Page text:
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    1. We definitely want to check out this book too. There is so much information and misinformation out there that you really need to do your homework to separate the two, hopefully this book can sort some of it out.

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  2. It's amazing how many things can be affected by gluten if you have Celiac disease.
    What's really unfortunate, is when it affects young children, and nobody can figure out why they're so sick all the time. Until they go off gluten of course. I know many people who have Celiac disease. I wonder if it was something in the past that was attributed to other "ailments"?

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    1. We wonder about that too, Bob. We think that there still are many misdiagnoses done even today but that is just our opinion.

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  3. I tried Gluten Free for a month and didn't notice any difference in anything. Did you have to be gluten free longer to notice the difference. What symptoms were relieved by it? I actually don't like beer so none of it would be a problem for me but it was an interesting read.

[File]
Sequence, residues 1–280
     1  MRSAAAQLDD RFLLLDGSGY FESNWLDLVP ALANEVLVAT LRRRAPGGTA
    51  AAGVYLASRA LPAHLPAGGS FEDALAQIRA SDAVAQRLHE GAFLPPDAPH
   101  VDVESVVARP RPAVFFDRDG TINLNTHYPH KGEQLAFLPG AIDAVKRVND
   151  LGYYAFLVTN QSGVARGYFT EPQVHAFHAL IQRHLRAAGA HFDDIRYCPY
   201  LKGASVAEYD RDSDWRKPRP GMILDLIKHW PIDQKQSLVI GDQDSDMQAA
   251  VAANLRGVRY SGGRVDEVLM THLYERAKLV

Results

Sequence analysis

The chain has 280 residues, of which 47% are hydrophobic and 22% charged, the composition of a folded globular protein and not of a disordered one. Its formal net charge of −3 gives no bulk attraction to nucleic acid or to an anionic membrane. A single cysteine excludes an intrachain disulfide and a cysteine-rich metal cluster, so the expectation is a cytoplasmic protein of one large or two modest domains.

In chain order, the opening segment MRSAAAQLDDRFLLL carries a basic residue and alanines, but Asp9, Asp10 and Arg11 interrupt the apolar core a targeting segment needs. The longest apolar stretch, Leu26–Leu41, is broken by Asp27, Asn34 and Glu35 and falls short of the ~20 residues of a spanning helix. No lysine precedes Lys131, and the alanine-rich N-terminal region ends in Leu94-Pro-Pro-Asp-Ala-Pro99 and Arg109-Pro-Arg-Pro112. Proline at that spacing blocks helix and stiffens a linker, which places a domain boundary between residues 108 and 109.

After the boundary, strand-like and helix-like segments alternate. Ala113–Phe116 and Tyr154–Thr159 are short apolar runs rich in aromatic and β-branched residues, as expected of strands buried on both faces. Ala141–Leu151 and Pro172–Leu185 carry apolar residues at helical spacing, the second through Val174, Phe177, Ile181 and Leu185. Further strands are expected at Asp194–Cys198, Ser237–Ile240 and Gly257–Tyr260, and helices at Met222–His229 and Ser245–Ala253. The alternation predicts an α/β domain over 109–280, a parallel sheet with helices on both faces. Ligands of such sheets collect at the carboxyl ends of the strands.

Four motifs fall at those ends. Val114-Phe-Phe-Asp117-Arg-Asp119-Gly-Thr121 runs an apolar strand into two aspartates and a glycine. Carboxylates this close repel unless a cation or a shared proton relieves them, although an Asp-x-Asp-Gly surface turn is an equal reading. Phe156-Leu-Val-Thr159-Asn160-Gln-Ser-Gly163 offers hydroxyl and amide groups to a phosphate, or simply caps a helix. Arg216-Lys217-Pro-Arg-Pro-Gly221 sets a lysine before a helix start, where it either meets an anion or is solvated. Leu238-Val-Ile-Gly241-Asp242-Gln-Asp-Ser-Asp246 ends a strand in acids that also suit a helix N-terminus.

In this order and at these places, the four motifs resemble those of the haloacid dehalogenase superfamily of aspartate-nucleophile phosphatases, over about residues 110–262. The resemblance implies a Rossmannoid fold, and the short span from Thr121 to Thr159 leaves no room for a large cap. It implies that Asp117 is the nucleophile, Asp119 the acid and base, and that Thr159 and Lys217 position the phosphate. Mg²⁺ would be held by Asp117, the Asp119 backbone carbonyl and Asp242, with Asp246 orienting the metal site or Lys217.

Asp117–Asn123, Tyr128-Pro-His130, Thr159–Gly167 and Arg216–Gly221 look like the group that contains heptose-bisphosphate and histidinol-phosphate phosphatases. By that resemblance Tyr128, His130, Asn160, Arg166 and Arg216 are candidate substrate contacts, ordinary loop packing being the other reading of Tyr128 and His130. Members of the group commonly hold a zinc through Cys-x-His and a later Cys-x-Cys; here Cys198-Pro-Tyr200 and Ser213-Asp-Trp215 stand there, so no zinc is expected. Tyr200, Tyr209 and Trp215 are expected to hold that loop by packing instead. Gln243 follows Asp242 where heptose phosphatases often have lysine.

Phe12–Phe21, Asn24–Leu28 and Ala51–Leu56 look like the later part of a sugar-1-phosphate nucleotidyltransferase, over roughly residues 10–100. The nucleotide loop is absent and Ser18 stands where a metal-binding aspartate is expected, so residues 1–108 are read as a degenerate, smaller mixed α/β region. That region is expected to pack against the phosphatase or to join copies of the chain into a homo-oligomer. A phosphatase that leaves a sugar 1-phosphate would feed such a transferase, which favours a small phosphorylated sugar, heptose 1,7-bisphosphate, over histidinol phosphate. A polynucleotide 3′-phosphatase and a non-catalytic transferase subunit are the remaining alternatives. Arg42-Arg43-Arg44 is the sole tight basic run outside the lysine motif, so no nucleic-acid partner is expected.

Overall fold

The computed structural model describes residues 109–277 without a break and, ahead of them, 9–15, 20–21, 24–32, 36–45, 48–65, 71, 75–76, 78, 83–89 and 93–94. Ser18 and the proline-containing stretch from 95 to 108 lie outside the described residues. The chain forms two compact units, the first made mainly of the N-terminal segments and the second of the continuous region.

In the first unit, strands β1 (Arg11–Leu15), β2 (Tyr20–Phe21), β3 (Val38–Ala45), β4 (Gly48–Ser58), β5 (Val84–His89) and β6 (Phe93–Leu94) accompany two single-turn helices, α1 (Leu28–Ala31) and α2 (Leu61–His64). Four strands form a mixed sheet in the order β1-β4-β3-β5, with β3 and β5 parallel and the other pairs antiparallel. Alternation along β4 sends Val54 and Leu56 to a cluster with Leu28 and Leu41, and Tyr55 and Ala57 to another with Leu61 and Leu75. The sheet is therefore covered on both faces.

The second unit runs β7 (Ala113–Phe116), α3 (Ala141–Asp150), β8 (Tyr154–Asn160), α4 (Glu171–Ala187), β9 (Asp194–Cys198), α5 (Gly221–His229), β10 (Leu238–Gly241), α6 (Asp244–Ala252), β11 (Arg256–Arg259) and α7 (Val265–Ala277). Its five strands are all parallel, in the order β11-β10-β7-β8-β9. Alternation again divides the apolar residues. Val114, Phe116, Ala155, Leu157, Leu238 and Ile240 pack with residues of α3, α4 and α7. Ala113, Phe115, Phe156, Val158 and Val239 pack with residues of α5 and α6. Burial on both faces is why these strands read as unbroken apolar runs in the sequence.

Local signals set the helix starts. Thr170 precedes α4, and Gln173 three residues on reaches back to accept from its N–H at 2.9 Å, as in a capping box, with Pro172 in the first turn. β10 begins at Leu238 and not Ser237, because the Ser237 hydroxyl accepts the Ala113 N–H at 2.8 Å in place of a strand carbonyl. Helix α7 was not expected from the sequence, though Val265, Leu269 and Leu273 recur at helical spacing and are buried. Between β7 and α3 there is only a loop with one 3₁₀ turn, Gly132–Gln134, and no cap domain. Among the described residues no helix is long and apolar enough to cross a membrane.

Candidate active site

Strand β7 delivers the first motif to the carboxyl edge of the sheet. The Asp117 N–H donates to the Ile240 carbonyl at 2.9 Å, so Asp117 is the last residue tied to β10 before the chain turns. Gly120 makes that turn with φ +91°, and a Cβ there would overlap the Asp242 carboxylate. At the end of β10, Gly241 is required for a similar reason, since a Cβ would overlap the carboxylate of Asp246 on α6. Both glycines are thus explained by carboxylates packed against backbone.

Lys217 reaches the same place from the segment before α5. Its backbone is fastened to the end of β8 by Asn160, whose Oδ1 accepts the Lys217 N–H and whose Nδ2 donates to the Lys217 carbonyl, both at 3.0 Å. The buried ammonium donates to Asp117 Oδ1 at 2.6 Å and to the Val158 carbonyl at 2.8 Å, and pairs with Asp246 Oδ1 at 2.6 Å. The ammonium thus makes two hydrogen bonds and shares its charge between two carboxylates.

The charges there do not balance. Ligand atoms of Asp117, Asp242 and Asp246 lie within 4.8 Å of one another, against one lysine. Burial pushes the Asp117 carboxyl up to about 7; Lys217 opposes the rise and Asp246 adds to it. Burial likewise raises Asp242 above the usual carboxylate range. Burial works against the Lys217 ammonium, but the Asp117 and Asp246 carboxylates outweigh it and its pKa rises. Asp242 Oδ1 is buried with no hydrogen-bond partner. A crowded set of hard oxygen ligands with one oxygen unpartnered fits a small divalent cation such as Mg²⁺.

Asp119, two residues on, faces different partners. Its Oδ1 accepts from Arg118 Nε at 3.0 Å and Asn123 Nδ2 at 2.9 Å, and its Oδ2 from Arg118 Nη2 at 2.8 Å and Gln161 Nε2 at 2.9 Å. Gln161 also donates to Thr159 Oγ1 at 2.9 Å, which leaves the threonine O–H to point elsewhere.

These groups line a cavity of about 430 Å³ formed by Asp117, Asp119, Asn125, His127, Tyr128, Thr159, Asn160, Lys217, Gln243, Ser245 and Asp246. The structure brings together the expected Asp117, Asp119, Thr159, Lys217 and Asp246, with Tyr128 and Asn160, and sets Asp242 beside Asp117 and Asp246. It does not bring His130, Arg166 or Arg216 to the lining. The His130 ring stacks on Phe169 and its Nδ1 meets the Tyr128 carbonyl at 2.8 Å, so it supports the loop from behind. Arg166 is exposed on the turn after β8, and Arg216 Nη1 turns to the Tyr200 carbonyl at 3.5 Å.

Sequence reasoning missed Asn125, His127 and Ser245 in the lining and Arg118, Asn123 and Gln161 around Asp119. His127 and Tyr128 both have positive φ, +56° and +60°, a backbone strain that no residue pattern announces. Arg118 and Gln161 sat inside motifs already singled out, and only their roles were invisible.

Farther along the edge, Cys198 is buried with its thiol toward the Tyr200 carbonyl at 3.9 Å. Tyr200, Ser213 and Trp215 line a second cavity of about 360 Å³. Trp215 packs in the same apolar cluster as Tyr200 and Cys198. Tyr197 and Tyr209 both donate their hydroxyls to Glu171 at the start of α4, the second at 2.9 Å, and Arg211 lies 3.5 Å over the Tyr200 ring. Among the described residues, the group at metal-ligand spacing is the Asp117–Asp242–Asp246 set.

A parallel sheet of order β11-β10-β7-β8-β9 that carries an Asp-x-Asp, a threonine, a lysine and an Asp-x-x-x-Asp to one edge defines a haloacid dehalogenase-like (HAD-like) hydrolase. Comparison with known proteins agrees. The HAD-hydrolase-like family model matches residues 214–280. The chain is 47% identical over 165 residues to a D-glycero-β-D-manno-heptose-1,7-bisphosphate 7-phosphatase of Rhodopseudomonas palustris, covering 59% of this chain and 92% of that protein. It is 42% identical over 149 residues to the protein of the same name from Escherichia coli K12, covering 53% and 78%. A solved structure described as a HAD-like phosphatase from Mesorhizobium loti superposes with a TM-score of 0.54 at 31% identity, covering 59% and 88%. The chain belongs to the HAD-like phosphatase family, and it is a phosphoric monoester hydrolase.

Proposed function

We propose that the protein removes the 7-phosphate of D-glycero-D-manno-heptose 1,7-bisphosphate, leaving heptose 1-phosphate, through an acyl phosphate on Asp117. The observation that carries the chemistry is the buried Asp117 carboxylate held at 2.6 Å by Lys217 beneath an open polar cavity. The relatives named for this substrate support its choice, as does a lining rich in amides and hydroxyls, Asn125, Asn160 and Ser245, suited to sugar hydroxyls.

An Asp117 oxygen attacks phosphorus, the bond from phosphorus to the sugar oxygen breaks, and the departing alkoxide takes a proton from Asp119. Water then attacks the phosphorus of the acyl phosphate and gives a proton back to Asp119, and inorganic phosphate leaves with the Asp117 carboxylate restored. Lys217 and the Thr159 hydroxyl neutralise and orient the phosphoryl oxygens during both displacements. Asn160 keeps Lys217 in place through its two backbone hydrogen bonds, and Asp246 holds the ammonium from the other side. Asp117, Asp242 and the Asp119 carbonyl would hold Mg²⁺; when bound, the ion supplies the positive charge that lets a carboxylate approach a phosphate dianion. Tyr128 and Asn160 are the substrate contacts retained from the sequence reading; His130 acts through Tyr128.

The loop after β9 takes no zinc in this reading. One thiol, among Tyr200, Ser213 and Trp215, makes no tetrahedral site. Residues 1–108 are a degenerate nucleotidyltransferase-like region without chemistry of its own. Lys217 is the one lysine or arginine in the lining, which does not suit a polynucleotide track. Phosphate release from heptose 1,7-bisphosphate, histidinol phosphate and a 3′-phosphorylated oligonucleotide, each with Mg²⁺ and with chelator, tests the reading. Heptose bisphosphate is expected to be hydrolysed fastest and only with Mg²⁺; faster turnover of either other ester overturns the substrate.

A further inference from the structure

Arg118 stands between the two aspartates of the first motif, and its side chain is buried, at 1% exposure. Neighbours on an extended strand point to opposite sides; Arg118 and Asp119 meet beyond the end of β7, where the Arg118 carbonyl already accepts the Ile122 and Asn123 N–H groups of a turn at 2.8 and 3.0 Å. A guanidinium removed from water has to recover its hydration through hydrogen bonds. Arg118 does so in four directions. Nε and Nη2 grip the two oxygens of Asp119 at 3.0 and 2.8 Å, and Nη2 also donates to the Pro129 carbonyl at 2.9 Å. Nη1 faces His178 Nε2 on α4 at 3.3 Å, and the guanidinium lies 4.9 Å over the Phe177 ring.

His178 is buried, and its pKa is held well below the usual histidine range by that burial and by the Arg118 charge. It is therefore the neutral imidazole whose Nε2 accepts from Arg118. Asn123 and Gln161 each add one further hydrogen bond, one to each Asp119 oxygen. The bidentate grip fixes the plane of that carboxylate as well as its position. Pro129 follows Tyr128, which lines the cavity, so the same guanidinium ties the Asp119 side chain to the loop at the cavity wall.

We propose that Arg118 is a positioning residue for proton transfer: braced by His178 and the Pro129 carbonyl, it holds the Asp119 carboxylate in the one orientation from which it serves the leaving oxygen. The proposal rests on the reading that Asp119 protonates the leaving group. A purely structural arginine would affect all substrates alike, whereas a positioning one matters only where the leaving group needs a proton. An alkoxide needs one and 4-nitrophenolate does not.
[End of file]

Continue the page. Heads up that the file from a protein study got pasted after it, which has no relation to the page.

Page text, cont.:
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    1. Perhaps you don't have a gluten problem. I noticed a difference within about two weeks to a month, I think Kevin may have been longer but everyone is different, it could take up to two or three months. I had diarrhea quite bad and that cleared up very quickly, I also had stomach cramps, bloating, headaches and dizziness occasionally and they all pretty much disappeared. I still get headaches sometimes but I think most people get headaches at some point or another. I also had a rash on my legs for several years but couldn't figure out how I got it or why it wouldn't disappear. It never bothered me, it just didn't look nice. I think about six months after going gluten free I noticed that rash had disappeared, I didn't notice the exact time it went away, I just notice it was no longer there. After doing more research I found that some people can get different kinds of skin rashes as a result to having gluten in their diet.

      I don't like beer either so it makes no difference to me that you can drink certain beers and have no issue with them but I know that Kevin is a happy camper because of this!

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  4. Another sneaky culprit is an allergy or sensitivity to genetically modified soy. 1 in 3 women is said to be affected. Symptoms could include fatigue, brain fog, skin problems, thinning hair, joint pain or stiffness, gastrointestinal issues and congestion.

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    1. Thanks Elaine, that is another thing that we already avoid. We hardly ever buy any prepared foods so it isn't difficult to do. Mind you I had a hard time trying to find a salad dressing that didn't have either soybean oil or canola oil in it but I did finally find one, the other option was to make my own which I have done in the past and probably will still do in the future.